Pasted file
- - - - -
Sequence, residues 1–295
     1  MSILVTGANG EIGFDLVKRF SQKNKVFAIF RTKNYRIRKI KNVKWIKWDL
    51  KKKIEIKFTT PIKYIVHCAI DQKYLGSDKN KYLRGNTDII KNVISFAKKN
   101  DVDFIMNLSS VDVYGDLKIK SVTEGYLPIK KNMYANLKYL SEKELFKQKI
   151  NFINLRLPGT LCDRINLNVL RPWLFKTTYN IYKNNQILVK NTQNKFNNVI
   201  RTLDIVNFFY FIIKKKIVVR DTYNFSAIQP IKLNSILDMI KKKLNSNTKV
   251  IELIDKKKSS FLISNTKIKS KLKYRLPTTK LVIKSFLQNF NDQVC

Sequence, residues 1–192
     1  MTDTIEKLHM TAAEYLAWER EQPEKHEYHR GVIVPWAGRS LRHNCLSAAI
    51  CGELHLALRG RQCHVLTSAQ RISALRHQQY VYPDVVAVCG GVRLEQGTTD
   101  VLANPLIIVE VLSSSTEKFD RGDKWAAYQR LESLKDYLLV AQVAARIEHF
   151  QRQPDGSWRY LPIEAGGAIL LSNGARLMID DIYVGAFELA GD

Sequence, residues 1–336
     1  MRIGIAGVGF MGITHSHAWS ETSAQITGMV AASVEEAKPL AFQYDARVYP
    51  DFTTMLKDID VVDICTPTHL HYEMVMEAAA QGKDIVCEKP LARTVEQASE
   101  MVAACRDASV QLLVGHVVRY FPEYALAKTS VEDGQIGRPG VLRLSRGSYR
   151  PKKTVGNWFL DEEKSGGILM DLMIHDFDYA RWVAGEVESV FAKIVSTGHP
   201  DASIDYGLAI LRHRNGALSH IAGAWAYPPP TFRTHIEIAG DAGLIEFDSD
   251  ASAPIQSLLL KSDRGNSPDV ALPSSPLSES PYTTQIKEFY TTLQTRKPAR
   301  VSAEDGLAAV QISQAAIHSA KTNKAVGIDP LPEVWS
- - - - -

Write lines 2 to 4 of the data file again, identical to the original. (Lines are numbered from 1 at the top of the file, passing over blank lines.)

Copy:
     1  MSILVTGANG EIGFDLVKRF SQKNKVFAIF RTKNYRIRKI KNVKWIKWDL
    51  KKKIEIKFTT PIKYIVHCAI DQKYLGSDKN KYLRGNTDII KNVISFAKKN
   101  DVDFIMNLSS VDVYGDLKIK SVTEGYLPIK KNMYANLKYL SEKELFKQKI